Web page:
Former MP takes to the stage to entertain Coromandel audiences

08 Jun 2021

Theatre lovers in Whitianga and Thames will have the opportunity to see environmentalist, former MP and Coromandel Peninsula resident, Catherine Delahunty, in a whole new light as she takes to the stage in an original play written and performed alongside her sister, Sarah.

“#UsTwo - Six Decades of Sisterhood” is based on the two women’s shared yet distinctly different experiences of growing up and negotiating life as women, professionals, mothers and now grandmothers from the 1950s to the present day.

The show has already been performed at the Auckland and Wellington Fringe Festivals, securing a number of awards, and Catherine is hugely excited to share it with local audiences on her home turf. “It was a fantastic process to go through with so much remembering and reflecting, right back to when my sister and I were children in one bedroom, all the changes we have been through, including of course the second wave of feminism which we both experienced differently because of the different paths we went down, her as a playwright and solo mum and me who flounced off to a commune,” she says. 

The Green Party stalwart and passionate activist says the play also exposes the more human elements of being a sitting MP and the challenges that come with it. “When you were doing the job, you were so driven and you always needed to show strength because it was that kind of an environment, no matter how you were feeling you could never show any weakness,” she says. “You wanted to honour that privilege for as along you have it and do as much as you can. But the pressure was enormous and it became extremely draining. So that was something that this creative process enabled me to reflect on.”

Admitting the show covers a lot in short space of time, Catherine says it aims to both entertain and provoke thought, with women almost certain to recognise something of themselves in at least some of the experiences the sisters negotiate. “There is a particular focus on the role of motherhood and how it has evolved and the pressures and expectations that come with it,” she says.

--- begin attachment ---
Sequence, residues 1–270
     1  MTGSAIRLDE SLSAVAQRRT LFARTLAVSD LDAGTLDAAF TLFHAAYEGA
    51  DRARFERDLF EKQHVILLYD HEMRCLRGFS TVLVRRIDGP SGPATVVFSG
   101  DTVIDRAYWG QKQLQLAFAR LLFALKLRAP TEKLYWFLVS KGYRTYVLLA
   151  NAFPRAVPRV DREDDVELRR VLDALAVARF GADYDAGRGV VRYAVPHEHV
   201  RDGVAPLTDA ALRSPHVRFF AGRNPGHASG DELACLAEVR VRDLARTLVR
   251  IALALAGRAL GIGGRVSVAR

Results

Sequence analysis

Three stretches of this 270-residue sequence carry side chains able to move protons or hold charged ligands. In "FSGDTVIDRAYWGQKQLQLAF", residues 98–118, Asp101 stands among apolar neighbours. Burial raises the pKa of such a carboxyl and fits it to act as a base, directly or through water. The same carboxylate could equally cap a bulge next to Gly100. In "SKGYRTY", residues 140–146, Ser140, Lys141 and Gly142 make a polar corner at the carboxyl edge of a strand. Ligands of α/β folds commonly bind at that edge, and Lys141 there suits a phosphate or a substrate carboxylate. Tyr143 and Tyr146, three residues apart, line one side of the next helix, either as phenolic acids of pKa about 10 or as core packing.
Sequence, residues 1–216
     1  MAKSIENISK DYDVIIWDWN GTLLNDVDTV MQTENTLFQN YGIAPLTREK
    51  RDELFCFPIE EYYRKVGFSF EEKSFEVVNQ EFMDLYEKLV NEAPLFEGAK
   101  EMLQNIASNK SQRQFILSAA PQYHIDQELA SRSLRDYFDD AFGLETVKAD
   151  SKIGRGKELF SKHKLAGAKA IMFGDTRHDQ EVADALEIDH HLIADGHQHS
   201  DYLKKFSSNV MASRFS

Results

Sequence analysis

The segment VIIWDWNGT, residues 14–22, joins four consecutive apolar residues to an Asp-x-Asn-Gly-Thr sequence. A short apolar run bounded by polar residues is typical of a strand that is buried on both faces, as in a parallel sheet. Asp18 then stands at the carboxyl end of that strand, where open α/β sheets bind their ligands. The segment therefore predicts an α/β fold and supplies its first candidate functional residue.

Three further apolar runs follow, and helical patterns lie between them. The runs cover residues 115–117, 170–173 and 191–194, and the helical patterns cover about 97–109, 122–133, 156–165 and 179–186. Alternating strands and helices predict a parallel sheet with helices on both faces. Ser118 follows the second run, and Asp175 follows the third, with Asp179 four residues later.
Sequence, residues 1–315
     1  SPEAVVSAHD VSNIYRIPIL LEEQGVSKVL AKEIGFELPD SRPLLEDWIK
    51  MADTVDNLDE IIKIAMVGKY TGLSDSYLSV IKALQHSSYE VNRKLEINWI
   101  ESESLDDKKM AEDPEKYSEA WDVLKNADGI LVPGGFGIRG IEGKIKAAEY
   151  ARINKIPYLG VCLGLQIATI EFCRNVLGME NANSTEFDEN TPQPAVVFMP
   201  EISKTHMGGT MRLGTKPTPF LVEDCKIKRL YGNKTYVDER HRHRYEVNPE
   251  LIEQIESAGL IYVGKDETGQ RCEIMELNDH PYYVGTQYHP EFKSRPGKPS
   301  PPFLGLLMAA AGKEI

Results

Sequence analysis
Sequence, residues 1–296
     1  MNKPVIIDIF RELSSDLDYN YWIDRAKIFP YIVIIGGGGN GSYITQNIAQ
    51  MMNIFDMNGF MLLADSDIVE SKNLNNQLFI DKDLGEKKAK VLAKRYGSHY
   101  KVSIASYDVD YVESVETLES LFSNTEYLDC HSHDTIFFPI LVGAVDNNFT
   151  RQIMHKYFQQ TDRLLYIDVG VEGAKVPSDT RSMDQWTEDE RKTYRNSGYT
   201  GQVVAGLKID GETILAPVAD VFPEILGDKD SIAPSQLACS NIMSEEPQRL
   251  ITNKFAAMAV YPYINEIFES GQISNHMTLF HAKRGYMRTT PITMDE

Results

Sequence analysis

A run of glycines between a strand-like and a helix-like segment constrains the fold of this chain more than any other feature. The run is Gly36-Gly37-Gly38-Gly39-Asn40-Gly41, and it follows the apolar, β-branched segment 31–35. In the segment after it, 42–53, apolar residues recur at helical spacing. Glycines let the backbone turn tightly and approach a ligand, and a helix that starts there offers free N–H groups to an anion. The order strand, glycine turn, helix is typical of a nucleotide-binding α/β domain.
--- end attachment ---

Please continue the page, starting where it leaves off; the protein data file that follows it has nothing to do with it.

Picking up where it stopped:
It isn’t Catherine’s first foray into acting having previously treaded the boards in “Question Time Blues,” another collaboration with Sarah, who wrote that play as a humorous spin on political life after Catherine left Parliament. “I don’t think I have a major acting career ahead of me or anything, but of course I am playing myself and telling stories that I know,” says Catherine. “I certainly couldn’t do it without Sarah. She is obviously the professional having had a hugely successful career in playwrighting, so I rely on her to tell me what I need to do. We’ve had a lot of laughs doing it and I have learnt a lot. I think we have to keep challenging ourselves and trying new things.”

Sarah has written many plays which are performed around the country and won the Lifetime Achievement in Theatre Award in 2019 from New Zealand playwright agency, Playmarket. The pair kept their lines refreshed by rehearsing via phone last year when their performance schedule was interrupted by COVID-19. They returned to the stage at the Auckland Fringe Festival earlier this year. Feeling they had a few more performances in them, they made the decision to take the show to Hawkes Bay and Gisborne, and then to the Coromandel. The shows on the Peninsula take place on Friday, 18 June at 7:30pm in the Kauaeranga Hall, Thames and Saturday, 19 June at 7:30pm in the Coghill Theatre, Whitianga. Tickets cost $15 to $20 and are available at the door.

Pictured: Catherine and Sarah Delahunty on stage in their play, “#UsTwo - Six Decades of Sisterhood,” which comes to Whitianga next week.